Among many in the health field, health is seen as a human right that has yet to be actualized for much of the world’s population. What does “health as a human right” entail? Does it imply specific duties that international community must uphold? Is health a positive human right, and if so, what does that entail? How should we balance the promotion of human rights with the real-world challenges of upholding and institutionalizing these rights? This panel will use health as a case study to discuss wider issues in human rights in the context of democratization and humanitarianism. Three experts, representing national health aid groups, local humanitarian aid organizations, and legal frameworks and ethics, will discuss these questions from their experience. We will examine both the broad and specific implications of calling health a human right, and what it means to be a global citizen pursuing the promotion and protection of human rights.
Location: Weyerhaeuser Boardroom
Student coordinators: Meg Reid, Clare Sigelko, Taryn Valley
Faculty advisor: Martin Gunderson, Philosophy
External participants: Lawrence Gostin, Linda D. and Timothy J. O’Neill, Professor of Global Health Law at the Georgetown University Law Center; Mohamed Idris, Executive Director, American Relief Association of the Horn of Africa (ARAHA); Shinichi Daimyo (via Skype), Program Manager for Mental Health, Partners in Health, Boston, Mass.


“Imagining Global Health with Justice”
10:50 a.m. – 12:00 p.m.
Lawrence O. Gostin, Founding Linda D. and Timothy J. O’Neill Professor of Global Health Law at the Georgetown University Law Center, and Director of the World Health Organization Collaborating Center on Public Health Law and Human Rights
The scope and complexity of global health can be overwhelming, making it difficult to form an inspiring and unified vision for the future. Mired in this complexity, the international community defines success disease by disease—without a clear picture of what fundamental reform would actually look like. If the aspiration of global health with justice is the right goal, then answering three simple questions may pierce the haze. Gostin imagines a more ideal future for world health, with bold proposals to get there including an innovative global governance for health—a Framework Convention on Global Health.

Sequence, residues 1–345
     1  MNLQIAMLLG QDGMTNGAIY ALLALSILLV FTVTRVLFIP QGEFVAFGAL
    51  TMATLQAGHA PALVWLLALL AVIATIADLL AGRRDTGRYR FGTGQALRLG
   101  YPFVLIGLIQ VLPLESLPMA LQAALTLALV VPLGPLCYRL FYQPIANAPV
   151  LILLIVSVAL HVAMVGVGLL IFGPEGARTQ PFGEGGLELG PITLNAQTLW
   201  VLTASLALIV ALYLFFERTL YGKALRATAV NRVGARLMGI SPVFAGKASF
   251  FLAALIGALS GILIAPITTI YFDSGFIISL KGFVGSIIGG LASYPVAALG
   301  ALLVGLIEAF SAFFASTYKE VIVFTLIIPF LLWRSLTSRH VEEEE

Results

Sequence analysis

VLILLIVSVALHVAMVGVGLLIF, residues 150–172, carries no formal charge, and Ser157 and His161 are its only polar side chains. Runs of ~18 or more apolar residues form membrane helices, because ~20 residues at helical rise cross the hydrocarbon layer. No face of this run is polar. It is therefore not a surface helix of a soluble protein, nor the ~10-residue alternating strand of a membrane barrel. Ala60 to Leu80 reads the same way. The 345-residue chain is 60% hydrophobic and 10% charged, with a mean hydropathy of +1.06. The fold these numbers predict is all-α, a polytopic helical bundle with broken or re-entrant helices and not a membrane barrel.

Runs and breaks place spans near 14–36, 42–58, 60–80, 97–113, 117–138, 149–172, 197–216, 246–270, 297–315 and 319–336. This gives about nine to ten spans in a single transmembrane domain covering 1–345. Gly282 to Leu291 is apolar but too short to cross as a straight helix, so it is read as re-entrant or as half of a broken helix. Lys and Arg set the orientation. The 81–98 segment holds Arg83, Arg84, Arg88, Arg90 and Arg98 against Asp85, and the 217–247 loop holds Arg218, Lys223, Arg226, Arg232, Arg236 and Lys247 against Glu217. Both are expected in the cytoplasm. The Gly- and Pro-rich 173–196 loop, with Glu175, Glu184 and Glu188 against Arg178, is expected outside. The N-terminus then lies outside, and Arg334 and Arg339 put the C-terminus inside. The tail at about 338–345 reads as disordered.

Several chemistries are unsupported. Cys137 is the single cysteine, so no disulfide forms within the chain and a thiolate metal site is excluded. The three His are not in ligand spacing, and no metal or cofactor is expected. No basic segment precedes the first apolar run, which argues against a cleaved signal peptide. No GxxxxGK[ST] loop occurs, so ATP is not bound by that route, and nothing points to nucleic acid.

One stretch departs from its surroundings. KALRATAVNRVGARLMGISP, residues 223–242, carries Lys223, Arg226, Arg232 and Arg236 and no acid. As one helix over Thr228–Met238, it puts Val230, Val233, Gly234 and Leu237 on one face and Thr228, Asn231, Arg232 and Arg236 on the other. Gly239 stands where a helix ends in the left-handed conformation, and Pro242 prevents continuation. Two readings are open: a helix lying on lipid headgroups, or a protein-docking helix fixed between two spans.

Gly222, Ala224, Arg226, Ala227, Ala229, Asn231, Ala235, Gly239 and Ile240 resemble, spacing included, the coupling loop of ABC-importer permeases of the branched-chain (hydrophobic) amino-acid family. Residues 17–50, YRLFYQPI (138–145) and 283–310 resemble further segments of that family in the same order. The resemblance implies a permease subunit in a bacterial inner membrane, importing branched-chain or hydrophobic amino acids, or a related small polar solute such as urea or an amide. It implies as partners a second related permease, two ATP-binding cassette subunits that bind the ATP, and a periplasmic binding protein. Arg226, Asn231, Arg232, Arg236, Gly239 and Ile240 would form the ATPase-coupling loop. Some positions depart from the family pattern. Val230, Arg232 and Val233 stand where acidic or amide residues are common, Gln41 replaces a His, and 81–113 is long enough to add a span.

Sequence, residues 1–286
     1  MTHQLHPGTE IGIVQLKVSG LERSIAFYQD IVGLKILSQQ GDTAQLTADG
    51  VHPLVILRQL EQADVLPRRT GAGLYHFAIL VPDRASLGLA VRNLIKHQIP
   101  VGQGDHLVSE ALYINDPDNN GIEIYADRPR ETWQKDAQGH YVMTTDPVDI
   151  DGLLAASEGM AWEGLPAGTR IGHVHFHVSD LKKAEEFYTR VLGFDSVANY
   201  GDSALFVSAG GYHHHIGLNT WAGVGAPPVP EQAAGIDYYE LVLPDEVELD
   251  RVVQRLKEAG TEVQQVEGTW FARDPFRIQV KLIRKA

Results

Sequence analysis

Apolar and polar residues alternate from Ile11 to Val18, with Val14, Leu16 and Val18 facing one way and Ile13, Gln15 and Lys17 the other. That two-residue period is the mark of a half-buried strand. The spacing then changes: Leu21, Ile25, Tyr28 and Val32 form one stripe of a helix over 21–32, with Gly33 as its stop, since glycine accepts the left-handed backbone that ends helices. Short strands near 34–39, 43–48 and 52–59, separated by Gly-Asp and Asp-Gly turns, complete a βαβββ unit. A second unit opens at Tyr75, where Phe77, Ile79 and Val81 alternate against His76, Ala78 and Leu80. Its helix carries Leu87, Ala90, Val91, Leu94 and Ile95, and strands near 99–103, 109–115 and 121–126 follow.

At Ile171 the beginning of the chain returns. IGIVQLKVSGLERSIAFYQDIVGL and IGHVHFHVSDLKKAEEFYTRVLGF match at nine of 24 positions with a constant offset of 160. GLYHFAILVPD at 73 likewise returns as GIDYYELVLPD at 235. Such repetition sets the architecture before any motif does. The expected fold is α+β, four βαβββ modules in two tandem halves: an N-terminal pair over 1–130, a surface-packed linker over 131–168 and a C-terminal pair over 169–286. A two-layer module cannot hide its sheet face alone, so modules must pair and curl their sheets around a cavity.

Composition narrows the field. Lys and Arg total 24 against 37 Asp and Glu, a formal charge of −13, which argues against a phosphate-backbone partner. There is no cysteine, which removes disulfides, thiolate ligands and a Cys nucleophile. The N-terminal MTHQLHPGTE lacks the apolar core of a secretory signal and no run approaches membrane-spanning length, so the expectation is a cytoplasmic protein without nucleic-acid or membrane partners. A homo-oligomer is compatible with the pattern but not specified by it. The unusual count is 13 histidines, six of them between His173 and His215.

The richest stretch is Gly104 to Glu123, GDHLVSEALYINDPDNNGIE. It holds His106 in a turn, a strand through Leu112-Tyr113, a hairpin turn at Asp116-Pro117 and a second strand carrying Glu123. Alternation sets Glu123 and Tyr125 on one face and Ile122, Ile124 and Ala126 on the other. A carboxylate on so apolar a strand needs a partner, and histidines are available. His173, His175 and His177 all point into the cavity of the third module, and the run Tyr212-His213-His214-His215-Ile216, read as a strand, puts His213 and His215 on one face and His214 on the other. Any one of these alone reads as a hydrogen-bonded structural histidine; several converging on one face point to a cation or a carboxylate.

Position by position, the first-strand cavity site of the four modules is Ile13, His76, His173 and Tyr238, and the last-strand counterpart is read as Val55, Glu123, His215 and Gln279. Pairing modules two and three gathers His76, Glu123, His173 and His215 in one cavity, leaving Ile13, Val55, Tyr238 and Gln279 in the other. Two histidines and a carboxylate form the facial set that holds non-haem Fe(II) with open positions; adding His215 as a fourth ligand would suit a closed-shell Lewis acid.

Location: Ruth Stricker Dayton Campus Center, John B. Davis Lecture Hall

“AIDS, Activism, and The Arts”
12:10 p.m. – 1:20 p.m.
Sue Williamson, writer, artist, activist
Can art change public consciousness on social issues?

At the turn of this century, South Africa had one of the highest rates of HIV/AIDS infection in the world. By 2011, South Africa had experienced a 41% reduction in new HIV infections since 2001.

Did art help? The ’Breaking the Silence’ (around HIV/AIDS) campaign in the early 2000s involved many artists across the country in work which appeared in galleries, on billboards and in print portfolios.

Sue Williamson, a practicing artist from Cape Town, presents and discusses these groundbreaking images and the effect that they had.
Location: Ruth Stricker Dayton Campus Center, John B. Davis Lecture Hall


1:30 p.m. – 3:30 p.m.
Location: Ruth Stricker Dayton Campus Center, John B. Davis Lecture Hall

Discussion with practitioners and local thought leaders to go over the presentations thus far and highlight options for further engagement.

  • Joyce Bredesen, DNP, RN Associate Professor School of Nursing College of Heath, Community and Professional Studies Metropolitan State University
  • Sara Chute MN Department of Health Metro Refugee Task Force
  • Lois Quam ’83 Tysvar, LCC Founder and Chair Former CEO of United Health Group
  • Christopher Reif, MD, MPH Assistant Professor University of MN Director of clinical services of the Community-University Health Care Center

Community-Based Learning Photo Presentation
3:30 p.m. – 4:30 p.m.
Location: Ruth Stricker Dayton Campus Center, John B. Davis Lecture Hall
Students in Eric Carroll’s art class will present their photo projects on health disparities. This is a collaborative initiative with Minnesota AIDS Project and plenary speaker Sue Williamson.


EPIDEMIC: TB in the Global Community Photo Exhibit
This photo exhibition, EPIDEMIC: TB in the Global Community, was created by David Rochkind, an award-winning photographer with a focus on TB (tuberculosis). His interactive website uses a combination of striking pictures and accompanying text to paint a portrait of the three countries that have been most affected by the TB epidemic: South Africa, India, and Moldova. Come check out this incredible photographic series in person in Art Commons on the 2nd floor all throughout the month of October
Location: Art Commons, 2nd floor

Awakenings Project
The Awakenings Project works to empower and heal artists living with mental illness through drama, visual arts, literature and music. In addition to providing a supportive, creative environment, the Awakenings Project also raises awareness of the creative talents and ambitions of those people living with psychiatric disorders and their contributions to various art fields. Come check out selected pieces of their work in Markim Hall Lobby until 1:00 p.m.